I played around with this a bit and the following seems to work for the cases I tested, including closing a window split and a tab with one window using
autocmd WinLeave * let g:lastWinName = @%
exe "split " . g:lastWinName
command -nargs=0 LastWindow call LastWindow()
This creates an autocommand in a new augroup (only need to put it in a group if you risk loading the script file multiple times) to run just before the cursor leaves a window (see
:help WinLeave), which includes closing a window, be it just a split or the last window in a tab, closing the tab. We set this to occur on any buffer name by using th
*. Then we set the action save the file name of that window into a global variable, we'll call
g:lastWinName, but you could use any variable name you want.
Then we create a function that will split the current window, giving the split command the value of the variable we saved to. This is done by concatenating the string
"split " with the variable
g:lastWinName using the
. operator. The
exe command executes the resulting string.
When you accidentally close a window or tab, then, you can call the LastWindow command as
:LastWindow, which calls a function which will open a new split on that last file name.
- if you accidentally change window (just moving cursor to another window for example) after you close a window, this won't recover the closed window
- If you have vim change its working directory based on the path of the file for the active buffer, this will probably fail (likewise if you change directory manually after the window is closed)
- Using this after closing a tabfull of windows (e.g. using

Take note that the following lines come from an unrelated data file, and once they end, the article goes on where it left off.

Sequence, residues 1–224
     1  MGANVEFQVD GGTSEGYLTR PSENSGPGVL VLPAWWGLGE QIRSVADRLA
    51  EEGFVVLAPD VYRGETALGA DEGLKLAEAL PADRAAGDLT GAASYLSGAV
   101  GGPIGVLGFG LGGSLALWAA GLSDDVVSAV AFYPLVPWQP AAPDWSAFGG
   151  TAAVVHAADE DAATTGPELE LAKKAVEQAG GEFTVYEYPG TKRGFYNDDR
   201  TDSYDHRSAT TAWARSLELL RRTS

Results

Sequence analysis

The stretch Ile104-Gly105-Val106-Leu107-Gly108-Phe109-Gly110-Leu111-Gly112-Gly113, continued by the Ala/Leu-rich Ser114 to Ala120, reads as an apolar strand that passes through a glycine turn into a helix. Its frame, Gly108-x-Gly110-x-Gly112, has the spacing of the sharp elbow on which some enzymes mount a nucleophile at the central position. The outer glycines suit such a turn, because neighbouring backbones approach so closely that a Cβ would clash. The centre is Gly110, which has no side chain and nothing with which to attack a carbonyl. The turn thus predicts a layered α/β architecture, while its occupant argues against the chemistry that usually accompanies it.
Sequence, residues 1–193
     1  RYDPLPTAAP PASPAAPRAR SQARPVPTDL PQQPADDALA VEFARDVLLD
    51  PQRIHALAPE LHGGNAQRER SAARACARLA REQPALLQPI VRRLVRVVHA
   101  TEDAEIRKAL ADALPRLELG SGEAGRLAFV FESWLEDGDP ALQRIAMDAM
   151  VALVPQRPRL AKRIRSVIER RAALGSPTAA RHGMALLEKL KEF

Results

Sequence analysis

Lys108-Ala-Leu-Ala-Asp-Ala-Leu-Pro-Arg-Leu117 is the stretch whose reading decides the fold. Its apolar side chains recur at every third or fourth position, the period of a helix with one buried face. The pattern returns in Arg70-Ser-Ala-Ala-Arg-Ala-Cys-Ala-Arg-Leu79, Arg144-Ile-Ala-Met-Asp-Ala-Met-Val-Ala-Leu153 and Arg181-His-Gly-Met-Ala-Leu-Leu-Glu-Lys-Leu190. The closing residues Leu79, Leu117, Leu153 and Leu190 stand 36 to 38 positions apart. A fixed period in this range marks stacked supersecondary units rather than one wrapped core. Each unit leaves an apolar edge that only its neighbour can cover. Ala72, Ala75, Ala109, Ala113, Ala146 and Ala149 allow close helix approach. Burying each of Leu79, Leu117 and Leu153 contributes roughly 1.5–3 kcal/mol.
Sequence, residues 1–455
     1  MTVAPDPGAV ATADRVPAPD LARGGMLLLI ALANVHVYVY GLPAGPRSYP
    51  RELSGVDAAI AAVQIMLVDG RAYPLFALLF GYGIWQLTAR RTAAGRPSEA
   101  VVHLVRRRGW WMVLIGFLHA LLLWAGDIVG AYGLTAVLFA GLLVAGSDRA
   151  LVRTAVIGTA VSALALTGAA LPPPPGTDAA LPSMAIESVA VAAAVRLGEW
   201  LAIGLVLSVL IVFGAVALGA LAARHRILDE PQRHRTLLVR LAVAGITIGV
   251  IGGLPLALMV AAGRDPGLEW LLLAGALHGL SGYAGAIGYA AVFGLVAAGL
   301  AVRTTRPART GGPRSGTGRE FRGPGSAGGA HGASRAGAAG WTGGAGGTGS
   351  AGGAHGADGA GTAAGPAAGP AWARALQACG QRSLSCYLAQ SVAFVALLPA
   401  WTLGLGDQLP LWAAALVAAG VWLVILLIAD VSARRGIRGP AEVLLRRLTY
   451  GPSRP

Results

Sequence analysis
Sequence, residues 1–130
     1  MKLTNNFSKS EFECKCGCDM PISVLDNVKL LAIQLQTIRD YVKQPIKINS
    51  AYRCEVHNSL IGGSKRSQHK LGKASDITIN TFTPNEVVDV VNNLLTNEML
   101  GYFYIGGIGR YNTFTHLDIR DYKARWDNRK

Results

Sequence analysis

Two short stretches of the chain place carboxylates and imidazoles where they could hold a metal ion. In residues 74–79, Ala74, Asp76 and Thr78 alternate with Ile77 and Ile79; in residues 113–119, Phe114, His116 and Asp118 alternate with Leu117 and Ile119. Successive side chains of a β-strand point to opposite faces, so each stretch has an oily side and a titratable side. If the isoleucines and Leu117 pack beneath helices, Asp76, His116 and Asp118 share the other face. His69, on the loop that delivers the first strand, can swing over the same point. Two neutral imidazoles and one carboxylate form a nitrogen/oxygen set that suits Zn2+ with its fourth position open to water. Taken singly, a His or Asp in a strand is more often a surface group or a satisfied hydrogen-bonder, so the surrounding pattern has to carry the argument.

:tabc) results in the save called multiple times. Running LastWindow only restores one of them (whichever Vim actually closed last)
- This only restores the buffer by name; none of the other window information is restored (e.g. window size, position in buffer, window local settings, etc)
Possible future improvements:
- It might be possible to track the buffer number of the window before it closes and track that; that should solve the problem with changing directory
- Some window settings could be copied to other variables and restored on function call
- Other commands/functions in a similar vein could allow other methods of restoration, e.g. to open in a new tab instead of a new split
:e #? See
:h cmdline-specialfor details.
#, this is a neat suggestion. But unfortunately it looks like that register is per-window (stackoverflow.com/a/5182973/3235236), so this won't work if
:wqalso closes the corresponding window. The documentation for
alternate-fileis a little bit hazy so I could be missing something.
vim -p file1 file2, then run
:wq, and then
:tabnew #. That said, yes,
#does get lost pretty soon, if you don't re-open the file immediately.
:e #will work some of the time, and it's what I do, but it isn't reliable. When that doesn't work I do